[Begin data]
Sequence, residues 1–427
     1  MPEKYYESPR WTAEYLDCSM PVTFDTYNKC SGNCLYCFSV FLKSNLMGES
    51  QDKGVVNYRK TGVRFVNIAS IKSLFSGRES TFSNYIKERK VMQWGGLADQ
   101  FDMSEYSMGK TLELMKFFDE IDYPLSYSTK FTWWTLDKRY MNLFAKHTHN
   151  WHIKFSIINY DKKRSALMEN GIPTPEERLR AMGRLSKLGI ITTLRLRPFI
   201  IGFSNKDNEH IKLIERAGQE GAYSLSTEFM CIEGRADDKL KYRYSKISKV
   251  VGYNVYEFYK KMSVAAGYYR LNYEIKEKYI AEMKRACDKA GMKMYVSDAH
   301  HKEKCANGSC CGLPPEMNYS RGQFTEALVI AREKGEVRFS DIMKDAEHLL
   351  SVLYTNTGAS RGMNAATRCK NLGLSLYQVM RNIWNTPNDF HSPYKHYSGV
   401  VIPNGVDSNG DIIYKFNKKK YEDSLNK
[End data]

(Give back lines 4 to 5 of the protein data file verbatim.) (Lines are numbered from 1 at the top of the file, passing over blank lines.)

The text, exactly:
   101  FDMSEYSMGK TLELMKFFDE IDYPLSYSTK FTWWTLDKRY MNLFAKHTHN
   151  WHIKFSIINY DKKRSALMEN GIPTPEERLR AMGRLSKLGI ITTLRLRPFI